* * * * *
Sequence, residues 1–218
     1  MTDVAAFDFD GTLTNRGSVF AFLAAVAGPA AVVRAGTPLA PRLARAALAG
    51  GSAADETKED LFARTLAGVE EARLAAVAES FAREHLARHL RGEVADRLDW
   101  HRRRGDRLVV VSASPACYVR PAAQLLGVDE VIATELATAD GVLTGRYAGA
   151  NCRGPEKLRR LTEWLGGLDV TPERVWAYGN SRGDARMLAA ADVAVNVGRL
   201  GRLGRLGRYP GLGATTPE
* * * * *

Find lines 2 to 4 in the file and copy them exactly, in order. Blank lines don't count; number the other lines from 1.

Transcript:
     1  MTDVAAFDFD GTLTNRGSVF AFLAAVAGPA AVVRAGTPLA PRLARAALAG
    51  GSAADETKED LFARTLAGVE EARLAAVAES FAREHLARHL RGEVADRLDW
   101  HRRRGDRLVV VSASPACYVR PAAQLLGVDE VIATELATAD GVLTGRYAGA